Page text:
Colonization can change a culture. When you conquer, you force new language, new laws, and new rules. By threat of violence, people must assimilate or die. But because violence is expensive, it's more likely that the "assimilate or die phenomena" happens through the marketplace. You must adapt to the conqueror's commerce or die.
When you conquer or decimate a population, you force the majority to assimilate, but the rest turn into a subculture. The remaining Inuits and Native Americans who have preserved their norms are evidence of cultural resistance. They're small, but they've preserved their system. If you enter their enclaves, you must obey their rules. And the rules are self-re-enforcing. By obeying the rules, you then perpetuate them to newcomers. Outside of an external force, cultures drift in hundred-year scales. Or they branch off through geographic isolation, like the Americans, or the North and South Koreas, and then their isolated subcultures flourish, like on the Galapagos Islands. The timescales themselves in a way bolster Dawkins theory of memes, in that memes are at least relatively as resilient to the comings and goings of their hosts as genes.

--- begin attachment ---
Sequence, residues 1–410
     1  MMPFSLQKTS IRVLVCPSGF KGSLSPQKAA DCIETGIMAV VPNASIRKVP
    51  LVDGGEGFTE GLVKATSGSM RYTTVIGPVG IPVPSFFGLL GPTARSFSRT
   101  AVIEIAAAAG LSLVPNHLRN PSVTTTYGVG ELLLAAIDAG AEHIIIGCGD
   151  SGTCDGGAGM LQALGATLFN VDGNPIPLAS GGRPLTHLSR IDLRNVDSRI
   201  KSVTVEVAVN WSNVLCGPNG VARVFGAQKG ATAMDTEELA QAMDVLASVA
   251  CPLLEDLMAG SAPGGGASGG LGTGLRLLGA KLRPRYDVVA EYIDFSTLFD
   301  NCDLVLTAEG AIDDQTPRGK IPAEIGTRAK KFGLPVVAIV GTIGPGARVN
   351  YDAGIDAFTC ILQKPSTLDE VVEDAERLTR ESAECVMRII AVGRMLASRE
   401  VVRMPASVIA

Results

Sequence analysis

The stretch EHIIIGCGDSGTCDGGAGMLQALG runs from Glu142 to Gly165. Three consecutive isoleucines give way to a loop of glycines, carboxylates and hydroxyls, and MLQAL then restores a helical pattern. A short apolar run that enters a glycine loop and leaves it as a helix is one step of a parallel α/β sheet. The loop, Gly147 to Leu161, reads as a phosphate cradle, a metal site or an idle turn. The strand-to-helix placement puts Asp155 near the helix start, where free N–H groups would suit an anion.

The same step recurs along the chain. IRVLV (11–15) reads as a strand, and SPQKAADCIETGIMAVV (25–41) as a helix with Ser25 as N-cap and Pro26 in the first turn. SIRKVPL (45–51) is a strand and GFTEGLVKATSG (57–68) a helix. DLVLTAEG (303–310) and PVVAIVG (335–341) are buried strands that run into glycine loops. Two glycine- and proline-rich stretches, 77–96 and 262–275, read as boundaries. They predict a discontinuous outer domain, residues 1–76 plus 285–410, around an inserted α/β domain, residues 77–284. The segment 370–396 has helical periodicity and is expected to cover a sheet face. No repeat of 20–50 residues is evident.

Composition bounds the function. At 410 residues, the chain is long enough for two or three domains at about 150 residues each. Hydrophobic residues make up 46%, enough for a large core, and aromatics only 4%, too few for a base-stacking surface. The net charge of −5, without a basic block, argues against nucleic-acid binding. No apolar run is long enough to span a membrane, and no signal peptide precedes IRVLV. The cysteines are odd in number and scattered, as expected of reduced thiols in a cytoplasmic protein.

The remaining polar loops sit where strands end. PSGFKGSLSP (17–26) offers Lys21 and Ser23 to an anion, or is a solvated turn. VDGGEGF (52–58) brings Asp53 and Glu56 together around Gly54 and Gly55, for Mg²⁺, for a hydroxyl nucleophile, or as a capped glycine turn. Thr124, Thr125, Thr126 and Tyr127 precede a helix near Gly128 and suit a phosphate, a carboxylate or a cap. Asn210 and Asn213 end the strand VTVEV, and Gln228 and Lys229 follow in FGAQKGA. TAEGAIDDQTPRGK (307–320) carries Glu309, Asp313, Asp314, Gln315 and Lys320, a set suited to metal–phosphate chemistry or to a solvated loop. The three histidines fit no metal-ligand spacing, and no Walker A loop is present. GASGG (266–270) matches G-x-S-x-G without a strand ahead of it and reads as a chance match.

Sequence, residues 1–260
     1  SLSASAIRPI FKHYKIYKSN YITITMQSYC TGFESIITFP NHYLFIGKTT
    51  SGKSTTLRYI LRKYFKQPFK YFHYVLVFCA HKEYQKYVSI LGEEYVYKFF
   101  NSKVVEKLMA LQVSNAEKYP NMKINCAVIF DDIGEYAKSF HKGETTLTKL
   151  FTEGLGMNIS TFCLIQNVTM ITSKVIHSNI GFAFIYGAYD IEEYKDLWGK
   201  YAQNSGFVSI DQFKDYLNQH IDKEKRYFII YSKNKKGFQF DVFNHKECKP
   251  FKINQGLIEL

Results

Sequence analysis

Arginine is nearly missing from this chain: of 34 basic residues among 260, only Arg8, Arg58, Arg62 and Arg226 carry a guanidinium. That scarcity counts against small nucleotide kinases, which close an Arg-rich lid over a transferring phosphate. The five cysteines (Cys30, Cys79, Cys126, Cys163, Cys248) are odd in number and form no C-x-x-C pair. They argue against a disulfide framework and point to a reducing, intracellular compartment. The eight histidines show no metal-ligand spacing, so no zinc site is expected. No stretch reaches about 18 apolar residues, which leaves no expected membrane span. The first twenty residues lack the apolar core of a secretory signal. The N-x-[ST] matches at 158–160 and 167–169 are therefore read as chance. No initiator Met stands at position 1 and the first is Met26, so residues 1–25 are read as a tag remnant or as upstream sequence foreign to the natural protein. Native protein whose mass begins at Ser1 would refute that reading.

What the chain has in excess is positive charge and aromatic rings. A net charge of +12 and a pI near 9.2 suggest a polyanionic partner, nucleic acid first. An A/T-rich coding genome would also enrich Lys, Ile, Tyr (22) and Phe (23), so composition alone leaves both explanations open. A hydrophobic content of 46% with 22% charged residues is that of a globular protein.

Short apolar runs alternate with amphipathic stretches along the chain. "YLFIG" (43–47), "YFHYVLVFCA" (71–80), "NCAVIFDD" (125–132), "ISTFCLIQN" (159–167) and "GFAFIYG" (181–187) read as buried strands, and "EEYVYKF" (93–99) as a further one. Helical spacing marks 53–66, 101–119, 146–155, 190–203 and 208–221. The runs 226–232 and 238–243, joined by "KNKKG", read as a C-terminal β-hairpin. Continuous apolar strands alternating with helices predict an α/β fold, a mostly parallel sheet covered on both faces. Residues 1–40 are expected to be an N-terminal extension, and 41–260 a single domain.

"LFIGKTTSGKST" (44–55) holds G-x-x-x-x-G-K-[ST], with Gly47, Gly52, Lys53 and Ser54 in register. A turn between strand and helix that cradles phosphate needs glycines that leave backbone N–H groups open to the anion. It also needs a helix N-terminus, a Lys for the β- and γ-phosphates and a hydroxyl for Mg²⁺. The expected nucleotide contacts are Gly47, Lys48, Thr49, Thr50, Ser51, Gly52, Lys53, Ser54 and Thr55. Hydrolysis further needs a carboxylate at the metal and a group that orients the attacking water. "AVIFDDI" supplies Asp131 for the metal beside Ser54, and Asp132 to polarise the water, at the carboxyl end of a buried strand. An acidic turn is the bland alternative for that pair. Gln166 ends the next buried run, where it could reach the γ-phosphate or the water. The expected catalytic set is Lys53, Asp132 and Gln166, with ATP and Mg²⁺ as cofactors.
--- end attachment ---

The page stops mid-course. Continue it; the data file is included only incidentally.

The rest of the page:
Counterpoint regarding the removal of power structures
After World War II, a U.S. general was once asked something along the lines of, "What do you say about how you're just driving the Nazis underground?" He then supposedly replied, "Yes, we're driving them underground. Six feet underground." The Nazi affiliation network was dismantled and destroyed, but the German people and their culture were not.